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Native Speaker Needed—or Not?

By Barbara Gastel | July 31, 2011  | Research writing Research skills

Greetings again. I hope that all is going well.

This week an international guest told me a common story. She said that when she submits papers, journal editors often say, “Please have your manuscript edited by a native English speaker, and then resubmit it.”

Having a manuscript edited by someone skillful and knowledgeable can be very useful. But is it necessary for the manuscript editor to be a native speaker?

No. It’s not necessary.

Many skillful editors of English-language papers have native languages other than English. Of course, they have excellent knowledge of English. And, importantly, they know the proper content and structure of journal articles.

On the other hand, many native speakers of English are unqualified to edit journal articles. Some have trouble with punctuation or other aspects of writing. Most don’t know how a journal article should be written.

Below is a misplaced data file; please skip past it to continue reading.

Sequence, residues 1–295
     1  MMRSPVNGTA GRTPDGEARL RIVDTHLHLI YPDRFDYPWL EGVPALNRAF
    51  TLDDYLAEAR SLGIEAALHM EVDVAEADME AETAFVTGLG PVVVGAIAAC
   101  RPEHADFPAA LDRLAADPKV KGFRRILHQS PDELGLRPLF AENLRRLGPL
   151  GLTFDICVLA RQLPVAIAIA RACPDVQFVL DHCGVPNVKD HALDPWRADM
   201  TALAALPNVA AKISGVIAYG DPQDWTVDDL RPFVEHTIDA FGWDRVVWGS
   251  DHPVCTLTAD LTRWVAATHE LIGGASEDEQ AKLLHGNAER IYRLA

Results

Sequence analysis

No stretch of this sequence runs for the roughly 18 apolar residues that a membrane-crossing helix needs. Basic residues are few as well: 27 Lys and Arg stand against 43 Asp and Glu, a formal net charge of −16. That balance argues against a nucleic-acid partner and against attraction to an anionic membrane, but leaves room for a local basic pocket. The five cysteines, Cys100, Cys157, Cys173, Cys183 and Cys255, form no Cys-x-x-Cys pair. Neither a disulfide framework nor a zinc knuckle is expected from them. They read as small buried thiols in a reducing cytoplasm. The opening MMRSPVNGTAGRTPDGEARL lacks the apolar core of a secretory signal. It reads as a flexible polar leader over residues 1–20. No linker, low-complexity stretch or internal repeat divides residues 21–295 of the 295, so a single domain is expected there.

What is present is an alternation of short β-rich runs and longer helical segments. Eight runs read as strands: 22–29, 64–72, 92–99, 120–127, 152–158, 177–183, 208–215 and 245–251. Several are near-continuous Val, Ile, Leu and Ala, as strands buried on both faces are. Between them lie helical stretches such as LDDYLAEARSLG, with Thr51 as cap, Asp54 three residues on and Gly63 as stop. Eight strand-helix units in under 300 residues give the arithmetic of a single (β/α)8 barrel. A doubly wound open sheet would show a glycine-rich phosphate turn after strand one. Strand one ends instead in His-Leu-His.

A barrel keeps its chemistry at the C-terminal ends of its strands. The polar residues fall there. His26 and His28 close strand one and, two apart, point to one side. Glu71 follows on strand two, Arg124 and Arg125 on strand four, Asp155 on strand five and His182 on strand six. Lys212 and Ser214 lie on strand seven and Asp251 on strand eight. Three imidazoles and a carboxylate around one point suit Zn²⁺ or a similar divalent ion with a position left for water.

I know editors with various native tongues—including Chinese, Indian languages, Spanish, and Portuguese—who have helped authors to meet the standards of international journals. Some even have taken and passed the exam from the Board of Editors in the Life Sciences.

When a paper has writing problems so serious that reviewers would have trouble understanding it, a journal editor is justified in asking the author to submit a better-written version.

The request, though, shouldn’t be “Please have your manuscript edited by a native speaker.” It should be “Please have your manuscript edited by a skillful editor proficient in English.”

Wishing you a good week— Barbara

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